Why Galapagos feels like another planet
The previous blog found us in Asuncion; we are now enjoying our last days of freedom in Paraty on the Brazilian coast, roughly halfway between Sao Paulo and Rio. A lovely spot, and a nice place to be ending our 6-month sojourn in South America.
After leaving Paraguay we headed east back into Brazil and took a train through mountainous jungle scenery to the coastal town of Paranagua, and from there a boat to the Isla do Mel. This is yer actual island paradise: no roads, no cars, only mangrove and forest, sandy paths and deserted beaches.
You may be wondering how come there ain´t no luvverly pictures of these tropical beauty spots. The reason: we got robbed again, and this time the camera disappeared.
As a final treat, we had decided to visit Salvador, a long way north of here up the coast, and found a cheap flight. A venerable (by South American standards) city of beautifully-restored pastel-painted 17th and 18th C. houses and cobbled streets.
Unfortunately our troubles began as soon as we arrived. It was dark by the time the airport bus deposited us in a murky side-street two blocks from the announced destination
First jungle trip
In eastern Ecuador
- a well-lit and police-patrolled square. This square is in the oldest district of Salvador known as Pelourinho (literally: pillory, or whipping post). Old = Picturesque, of course. But in South America Old also usually = Dangerous. The guidebooks describe such areas as ´sketchy´ - a remarkably bland Americanism meaning ´Don´t go ín there unless you are driving an armoured personnel carrier.´
As we disembarked from the bus we were distracted by a young English girl who had travelled in from the airport and now asked to look at our local street map in order to find a hostel. Oddly, though, she had no belongings with her at all, not even a bag. When we offered to escort her through this famously dodgy area, she backed off, saying it would be no problem since she spoke fluent Portuguese... I helped Bridget on with her pack, shrugged on my own, and bent down to pick up my smaller day-pack. As I did so the day-pack suddenly slid out of sight in the foot-wide gap between glass bus shelter and pavement.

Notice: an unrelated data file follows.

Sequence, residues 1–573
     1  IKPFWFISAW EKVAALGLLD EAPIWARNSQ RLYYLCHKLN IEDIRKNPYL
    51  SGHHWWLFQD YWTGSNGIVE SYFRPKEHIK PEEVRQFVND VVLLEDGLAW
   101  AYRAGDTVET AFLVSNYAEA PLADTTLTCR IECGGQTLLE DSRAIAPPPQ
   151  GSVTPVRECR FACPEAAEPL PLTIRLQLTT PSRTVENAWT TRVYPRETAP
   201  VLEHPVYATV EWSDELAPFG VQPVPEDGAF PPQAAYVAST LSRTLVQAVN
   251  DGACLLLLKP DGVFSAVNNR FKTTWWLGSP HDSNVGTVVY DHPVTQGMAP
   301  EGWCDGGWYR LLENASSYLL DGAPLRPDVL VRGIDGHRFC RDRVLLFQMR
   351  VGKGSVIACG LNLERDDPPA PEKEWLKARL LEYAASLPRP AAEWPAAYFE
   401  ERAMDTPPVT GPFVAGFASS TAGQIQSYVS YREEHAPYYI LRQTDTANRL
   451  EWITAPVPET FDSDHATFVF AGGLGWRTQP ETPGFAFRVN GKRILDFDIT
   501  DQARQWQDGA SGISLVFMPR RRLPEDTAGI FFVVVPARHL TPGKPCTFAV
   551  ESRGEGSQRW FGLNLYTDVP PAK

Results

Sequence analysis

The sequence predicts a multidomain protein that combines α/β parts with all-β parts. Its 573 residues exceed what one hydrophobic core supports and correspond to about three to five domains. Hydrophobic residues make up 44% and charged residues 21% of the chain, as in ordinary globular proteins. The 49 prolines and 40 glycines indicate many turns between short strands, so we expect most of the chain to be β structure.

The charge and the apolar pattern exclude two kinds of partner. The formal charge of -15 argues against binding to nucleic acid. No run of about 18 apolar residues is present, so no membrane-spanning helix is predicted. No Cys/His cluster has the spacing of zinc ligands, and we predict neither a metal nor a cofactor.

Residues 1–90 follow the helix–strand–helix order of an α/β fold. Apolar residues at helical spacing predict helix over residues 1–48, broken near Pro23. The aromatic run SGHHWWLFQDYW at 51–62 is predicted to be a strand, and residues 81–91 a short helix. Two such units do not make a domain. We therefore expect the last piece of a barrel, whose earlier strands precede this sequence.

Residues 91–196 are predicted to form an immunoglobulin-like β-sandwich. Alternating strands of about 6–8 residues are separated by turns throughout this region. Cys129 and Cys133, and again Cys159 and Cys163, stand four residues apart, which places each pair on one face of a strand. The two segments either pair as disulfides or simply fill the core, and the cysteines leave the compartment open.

I ran around the outside of the shelter, feeling even more sluggish than usual due to my main pack
Neither the wheel nor the arch - nor indeed Bridget - were known to the Inca
which weighs nearly as much as I do. Fifty yards away were two young men. One of them had my day-pack.
It contained: the camera, useless without its charger but containing all my Paraguay pictures; my journal containing the details of the entire trip; our heavily annotated Lonely Planet guidebook; my glasses; house keys and keys to the padlocks on our packs; a washbag containing my medication (the stuff that enables me to breathe, and therefore quite useful); and my wedding ring, which I had removed in response to the advice not to wear jewellery.
There was no sign of the English girl. By now we were getting a little nervous, and rather than pursue the thieves into some frightful drug-dealing alley, we decided to head off towards our chosen hotel tout de suite
. As we blundered away we were trailed by another out-of-it-looking female who had been hanging around the bus stop, and by a shambling, Gollum-like creature mouthing and whining at us in supplicatory tones. This one then stumbled towards me and tried to remove my watch from my wrist.
At this point we spotted a raddled whore standing against a wall with her knickers
Travelling to the Manu reserve
round her ankles.